Clemson University officials, concerned about the “optics” of ignoring a South Carolina law requiring public colleges to teach the U.S. Constitution, have lobbied the state Legislature to repeal the requirement.
Clemson both refuses to comply with the existing law and opposes a bill in the South Carolina General Assembly to update it, according to emails between the university’s provost and two lobbyists for the school.
In an email to Clemson’s lobbyists at the General Assembly sent April 2, 2019, Provost Robert Jones instructed them to “kill” the legislation updating the law.
This email and others were obtained through a request for public documents under South Carolina’s Freedom of Information Act.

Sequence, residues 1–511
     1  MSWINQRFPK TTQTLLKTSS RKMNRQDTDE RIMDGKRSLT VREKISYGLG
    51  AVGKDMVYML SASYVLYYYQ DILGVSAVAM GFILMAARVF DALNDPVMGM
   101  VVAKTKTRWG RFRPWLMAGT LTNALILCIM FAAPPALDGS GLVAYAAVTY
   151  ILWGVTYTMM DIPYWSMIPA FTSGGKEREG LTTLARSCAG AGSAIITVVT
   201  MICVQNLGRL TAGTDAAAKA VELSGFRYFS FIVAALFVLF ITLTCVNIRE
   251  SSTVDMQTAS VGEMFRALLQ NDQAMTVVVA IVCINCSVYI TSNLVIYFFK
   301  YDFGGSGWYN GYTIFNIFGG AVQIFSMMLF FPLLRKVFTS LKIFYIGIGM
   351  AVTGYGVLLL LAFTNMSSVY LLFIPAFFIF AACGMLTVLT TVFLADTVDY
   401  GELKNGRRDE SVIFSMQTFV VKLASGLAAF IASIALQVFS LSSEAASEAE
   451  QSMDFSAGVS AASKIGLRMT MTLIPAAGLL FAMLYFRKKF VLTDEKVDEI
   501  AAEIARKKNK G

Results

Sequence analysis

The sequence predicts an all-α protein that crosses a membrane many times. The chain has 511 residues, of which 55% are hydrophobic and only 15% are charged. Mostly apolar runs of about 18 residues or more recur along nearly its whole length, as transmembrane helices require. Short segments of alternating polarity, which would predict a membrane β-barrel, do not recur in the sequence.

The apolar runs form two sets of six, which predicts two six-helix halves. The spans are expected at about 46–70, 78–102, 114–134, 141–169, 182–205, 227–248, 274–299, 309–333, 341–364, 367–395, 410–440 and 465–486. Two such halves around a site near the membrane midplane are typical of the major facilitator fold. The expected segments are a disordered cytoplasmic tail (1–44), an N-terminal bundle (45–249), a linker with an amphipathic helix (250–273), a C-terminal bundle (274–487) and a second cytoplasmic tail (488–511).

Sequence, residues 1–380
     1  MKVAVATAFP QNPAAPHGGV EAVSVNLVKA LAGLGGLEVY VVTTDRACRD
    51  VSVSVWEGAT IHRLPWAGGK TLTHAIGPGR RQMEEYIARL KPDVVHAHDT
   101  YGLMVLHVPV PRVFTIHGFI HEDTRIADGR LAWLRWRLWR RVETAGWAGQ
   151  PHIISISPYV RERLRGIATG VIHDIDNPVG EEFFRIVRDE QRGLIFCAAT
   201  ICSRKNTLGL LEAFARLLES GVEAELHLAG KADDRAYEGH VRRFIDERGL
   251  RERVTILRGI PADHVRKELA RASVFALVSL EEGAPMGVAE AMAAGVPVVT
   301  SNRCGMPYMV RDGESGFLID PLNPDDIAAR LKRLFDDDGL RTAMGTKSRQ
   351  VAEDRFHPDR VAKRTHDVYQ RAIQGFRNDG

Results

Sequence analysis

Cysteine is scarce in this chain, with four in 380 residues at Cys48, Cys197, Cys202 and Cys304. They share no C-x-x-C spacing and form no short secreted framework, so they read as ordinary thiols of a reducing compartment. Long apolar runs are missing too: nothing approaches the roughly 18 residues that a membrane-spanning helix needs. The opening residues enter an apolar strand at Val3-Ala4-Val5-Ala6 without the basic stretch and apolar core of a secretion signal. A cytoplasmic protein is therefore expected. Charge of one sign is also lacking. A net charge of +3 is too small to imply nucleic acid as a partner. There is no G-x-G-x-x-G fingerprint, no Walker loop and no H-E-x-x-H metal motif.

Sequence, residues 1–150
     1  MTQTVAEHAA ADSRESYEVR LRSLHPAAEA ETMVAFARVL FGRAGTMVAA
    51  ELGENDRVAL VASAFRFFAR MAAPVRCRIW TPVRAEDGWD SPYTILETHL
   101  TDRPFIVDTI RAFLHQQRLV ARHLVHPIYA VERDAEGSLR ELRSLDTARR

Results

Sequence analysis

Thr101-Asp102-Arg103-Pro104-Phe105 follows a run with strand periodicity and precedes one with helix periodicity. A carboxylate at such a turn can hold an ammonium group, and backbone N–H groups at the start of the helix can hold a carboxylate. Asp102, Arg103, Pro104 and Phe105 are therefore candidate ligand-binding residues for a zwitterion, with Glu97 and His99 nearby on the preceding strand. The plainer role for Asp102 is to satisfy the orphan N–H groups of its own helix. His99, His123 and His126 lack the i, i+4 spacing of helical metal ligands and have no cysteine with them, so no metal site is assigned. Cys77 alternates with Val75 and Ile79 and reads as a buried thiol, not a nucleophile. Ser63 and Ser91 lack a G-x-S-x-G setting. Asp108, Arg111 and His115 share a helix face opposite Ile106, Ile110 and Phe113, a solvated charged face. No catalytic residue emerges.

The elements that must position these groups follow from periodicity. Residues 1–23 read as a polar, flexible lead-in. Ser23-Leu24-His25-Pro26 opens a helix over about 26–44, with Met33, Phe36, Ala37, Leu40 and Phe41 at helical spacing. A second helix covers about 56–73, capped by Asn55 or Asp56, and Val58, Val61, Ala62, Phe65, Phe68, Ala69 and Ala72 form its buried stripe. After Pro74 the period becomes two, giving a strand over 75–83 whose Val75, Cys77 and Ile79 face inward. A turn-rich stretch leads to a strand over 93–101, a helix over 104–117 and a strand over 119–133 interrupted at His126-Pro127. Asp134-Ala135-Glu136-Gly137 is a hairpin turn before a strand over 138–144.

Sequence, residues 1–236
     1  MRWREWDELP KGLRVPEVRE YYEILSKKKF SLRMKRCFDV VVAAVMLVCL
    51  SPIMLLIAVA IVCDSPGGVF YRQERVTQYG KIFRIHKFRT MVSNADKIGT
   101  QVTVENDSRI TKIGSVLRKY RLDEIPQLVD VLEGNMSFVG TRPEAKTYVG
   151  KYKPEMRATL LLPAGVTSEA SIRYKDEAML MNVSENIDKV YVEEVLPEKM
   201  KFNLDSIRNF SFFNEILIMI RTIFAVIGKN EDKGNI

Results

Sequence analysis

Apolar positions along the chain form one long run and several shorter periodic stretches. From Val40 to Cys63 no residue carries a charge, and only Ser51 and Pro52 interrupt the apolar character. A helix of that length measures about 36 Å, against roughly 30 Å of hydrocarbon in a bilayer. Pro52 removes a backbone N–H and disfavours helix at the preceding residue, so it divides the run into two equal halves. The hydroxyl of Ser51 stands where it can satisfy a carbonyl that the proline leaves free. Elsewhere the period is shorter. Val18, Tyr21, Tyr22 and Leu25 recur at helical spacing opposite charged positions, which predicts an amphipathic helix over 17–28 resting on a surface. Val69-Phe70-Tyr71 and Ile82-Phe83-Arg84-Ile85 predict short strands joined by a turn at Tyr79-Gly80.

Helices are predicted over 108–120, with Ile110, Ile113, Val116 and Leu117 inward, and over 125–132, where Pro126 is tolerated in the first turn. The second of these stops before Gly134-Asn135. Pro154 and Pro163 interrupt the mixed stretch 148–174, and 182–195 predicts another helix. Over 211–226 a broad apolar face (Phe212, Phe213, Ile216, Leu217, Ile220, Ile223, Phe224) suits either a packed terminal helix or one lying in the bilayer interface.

For 96 years, South Carolina law has required public colleges to mandate that students take a yearlong class on the Constitution, the Declaration of Independence, and the Federalist Papers.
But most colleges in South Carolina, including Clemson, violate the law by not requiring students to take a class on America’s founding documents, according to the state’s Commission on Higher Education. (A separate state law applies to high schools.)
Instead of complying with the law’s requirement of a yearlong class, Clemson pretends to comply by having students watch a short online video about the Constitution as part of its freshman course CU 1000.
Under this dubious logic, Clemson, the second-largest university in South Carolina, could claim to teach chemistry by having students watch an online episode of “Bill Nye the Science Guy.”
Repealing Mandate for Colleges
Angie Leidinger, a taxpayer-funded lobb